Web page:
Related – it is always worth remembering that the greatest pleasures in life come cheap – the rush of adrenaline after play, a hug, a peaceful shit in a clean bathroom, and a night of sleep in a comfortable and quiet bedroom.

3. We can’t ask people to be grateful or to be humble or to keep a sense of humor. All we can do is help them understand reality. When they (or we) do, gratitude, humility, and a sense of humor follows

4. Emotional intelligence is ignoring what people say and watching what they do.

5. Our networks are proportional to our net worth. There are two kinds of net worth – the first is the kind that is dependent on the presence of power and money. The second is based on the character and connection we accumulate over the course of a life time. One of them is deep and the other is shallow – it turns you can’t buy friends. Or love. The most powerful networks combine both.

6. Integrity comes from the word “integer” which means whole. When we make and keep commitments, we become whole. It is hard. It is is also why our schedule is the truest reflection of our priorities.

7. Happiness is a state. Joy is a feeling. It is possible to feel sad and be happy. Our default state simply reduces the amplitude of our ups and downs and enables us to pay attention to the things that matter most in spite of all the noise. That we use the term “pay” to describe our attention is no accident.

8. Our rate of learning is proportional to what we learn from the people we spend time with (“we are the average of the five people we spend time with”), from reflecting on our own experiences, and from reading/listening to synthesized information. It is not true that we learn more from failure or only from doing. The wisest people simply make it a point to learn from all experience with habitual reflection, analysis, and synthesis.

9. Read books that are just in time instead of just in case. Somewhere along the way, we’ll find a book that changes our life. And, while we’re at it, remember that there is no difference between someone who doesn’t read and someone who can’t.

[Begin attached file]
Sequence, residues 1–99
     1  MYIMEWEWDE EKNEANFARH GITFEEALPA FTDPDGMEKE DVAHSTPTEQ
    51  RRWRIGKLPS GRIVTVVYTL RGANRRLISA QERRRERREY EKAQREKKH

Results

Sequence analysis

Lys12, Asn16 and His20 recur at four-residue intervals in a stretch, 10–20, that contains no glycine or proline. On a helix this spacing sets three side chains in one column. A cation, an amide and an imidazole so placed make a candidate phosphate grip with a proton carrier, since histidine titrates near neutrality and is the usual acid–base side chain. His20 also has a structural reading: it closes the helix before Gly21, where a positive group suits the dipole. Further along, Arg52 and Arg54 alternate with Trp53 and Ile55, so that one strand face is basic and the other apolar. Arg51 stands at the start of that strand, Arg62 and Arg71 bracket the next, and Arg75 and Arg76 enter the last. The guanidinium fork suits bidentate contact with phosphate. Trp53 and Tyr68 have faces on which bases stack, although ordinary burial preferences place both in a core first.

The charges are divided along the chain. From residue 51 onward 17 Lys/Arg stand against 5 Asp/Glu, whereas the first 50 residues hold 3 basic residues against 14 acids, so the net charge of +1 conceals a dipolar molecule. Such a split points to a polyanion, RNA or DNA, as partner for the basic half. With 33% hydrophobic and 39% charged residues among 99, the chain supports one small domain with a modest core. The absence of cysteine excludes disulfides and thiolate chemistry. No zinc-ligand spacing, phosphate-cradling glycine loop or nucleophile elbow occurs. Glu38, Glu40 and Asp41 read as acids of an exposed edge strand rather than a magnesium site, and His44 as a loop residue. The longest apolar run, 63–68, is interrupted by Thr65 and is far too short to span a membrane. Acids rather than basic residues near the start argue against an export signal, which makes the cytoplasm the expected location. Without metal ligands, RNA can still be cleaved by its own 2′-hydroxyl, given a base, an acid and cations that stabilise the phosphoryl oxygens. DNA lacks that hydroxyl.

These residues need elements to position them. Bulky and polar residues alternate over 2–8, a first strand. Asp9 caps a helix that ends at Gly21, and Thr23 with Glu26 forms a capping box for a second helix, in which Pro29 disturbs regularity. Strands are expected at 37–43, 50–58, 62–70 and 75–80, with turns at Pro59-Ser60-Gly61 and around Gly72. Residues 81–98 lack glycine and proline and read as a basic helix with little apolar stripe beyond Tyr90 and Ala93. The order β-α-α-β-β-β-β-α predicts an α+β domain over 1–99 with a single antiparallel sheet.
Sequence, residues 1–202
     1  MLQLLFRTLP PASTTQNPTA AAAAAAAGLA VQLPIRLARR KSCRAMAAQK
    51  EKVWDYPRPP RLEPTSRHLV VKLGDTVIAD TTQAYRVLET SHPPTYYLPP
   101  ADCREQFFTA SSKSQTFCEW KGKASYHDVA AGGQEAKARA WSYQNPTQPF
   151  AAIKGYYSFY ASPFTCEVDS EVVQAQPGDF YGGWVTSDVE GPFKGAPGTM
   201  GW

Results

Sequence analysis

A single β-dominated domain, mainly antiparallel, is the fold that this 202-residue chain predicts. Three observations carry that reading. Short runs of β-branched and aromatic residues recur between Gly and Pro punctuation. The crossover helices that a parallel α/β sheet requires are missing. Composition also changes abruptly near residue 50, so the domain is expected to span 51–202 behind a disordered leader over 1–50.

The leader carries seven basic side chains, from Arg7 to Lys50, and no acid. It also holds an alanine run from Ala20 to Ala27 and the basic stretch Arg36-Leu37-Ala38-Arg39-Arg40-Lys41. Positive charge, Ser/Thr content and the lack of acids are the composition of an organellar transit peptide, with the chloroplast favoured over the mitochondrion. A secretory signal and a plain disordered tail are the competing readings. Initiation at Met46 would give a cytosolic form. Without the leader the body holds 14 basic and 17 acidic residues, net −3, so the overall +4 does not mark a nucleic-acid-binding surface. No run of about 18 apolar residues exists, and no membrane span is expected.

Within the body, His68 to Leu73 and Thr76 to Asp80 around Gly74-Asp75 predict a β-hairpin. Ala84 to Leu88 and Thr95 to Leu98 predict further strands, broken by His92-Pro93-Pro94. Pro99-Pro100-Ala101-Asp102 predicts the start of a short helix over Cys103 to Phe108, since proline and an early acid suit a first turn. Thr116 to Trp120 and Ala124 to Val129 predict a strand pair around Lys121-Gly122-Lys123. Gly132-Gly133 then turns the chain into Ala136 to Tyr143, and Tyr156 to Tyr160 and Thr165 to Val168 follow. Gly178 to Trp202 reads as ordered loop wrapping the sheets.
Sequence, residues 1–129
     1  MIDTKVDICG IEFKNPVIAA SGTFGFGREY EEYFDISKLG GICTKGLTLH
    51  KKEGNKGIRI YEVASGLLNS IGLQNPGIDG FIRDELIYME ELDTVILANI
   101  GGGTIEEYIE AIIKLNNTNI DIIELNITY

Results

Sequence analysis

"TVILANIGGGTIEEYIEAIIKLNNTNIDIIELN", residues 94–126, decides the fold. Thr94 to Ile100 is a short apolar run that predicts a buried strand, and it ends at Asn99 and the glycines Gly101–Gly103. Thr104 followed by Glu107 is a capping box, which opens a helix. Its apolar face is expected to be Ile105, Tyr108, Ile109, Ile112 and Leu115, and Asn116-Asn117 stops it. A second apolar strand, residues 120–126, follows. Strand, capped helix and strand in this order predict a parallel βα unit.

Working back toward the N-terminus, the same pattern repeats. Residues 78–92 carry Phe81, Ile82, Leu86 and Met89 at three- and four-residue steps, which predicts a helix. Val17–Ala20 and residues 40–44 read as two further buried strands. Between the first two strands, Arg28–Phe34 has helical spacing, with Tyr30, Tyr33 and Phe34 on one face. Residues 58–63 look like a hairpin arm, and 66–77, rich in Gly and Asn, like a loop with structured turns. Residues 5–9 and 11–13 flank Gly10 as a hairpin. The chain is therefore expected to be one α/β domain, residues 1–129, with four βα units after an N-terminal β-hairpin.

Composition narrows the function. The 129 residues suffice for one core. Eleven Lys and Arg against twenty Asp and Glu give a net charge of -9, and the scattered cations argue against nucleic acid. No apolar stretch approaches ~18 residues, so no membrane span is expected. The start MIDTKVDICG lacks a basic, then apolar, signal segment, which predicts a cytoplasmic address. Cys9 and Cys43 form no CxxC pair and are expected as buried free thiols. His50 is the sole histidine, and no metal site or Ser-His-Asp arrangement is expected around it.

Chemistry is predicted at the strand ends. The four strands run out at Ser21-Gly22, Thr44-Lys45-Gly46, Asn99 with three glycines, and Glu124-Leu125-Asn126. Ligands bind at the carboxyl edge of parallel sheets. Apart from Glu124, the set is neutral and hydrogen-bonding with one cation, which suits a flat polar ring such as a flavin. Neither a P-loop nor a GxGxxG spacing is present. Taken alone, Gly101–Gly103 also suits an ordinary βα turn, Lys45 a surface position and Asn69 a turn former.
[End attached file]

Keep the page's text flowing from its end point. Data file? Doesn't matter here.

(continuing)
10. Compound interest is an important principle. Wealth compounds. Learning compounds too. And, as you might imagine, understanding both of these early pays dividends later. :-)

11. Productivity is Focus x intensity x time. Focus = do the right things so you can be effective, intensity = pay attention when you are doing it so you can be efficient.

Similar to compound interest, this relationship between effectiveness and efficiency shows up in many part of our life – focus and intensity, leadership and management. Doing the right things >>> doing things right.

12. Macro patience – micro speed is another principles that shows up in different places. Strategic patience – tactical impatience is a variant too. The idea is simple in theory – set directional goals, focus on process, and be patient. Of course, it is bloody hard to execute. People who focus beyond the next 6 months are the exception, not the rule.

13. Since we’re talking about important principles, the scientific method is one that needs a lot more love because of its wide-ranging applicability. The life implication – treat life as a series of experiments that will each help us gain experience and improve our judgement. As the saying goes, success comes from good judgment. Good judgment comes from experience. Experience comes from bad judgment.

14. Consciousness is the ability to be aware and then to choose. Becoming aware of the actual games being played around us, the real stakes, and the stories we are told go a long way in helping us be effective. To play chess well, we have to have a view of the 64 squares.. Not the 4 around us. It helps to take the time to get  both curious and smarter about what is actually going on. You can choose to not play the game – but, understand what the games are.

15. Our success, on average, is largely a function of privilege. The biggest drivers of whatever success we have is typically a result of where we were born and who we were born to (includes what we inherited as well as the love and care we received). Since we can’t change who we were born to, if we want to improve our standing in the world, moving zip codes is the most reliable way to move up the privilege ladder. And, education is the most reliable driver of such movement.

16. The effectiveness of a team is a function of two things – the individuals and the culture. Culture, or the collection of unsaid norms, is strategy in the long run. The best way to set culture is to do so intentionally. And, the best way to do so intentionally is to build the kind of trust that enables honest conversations about it.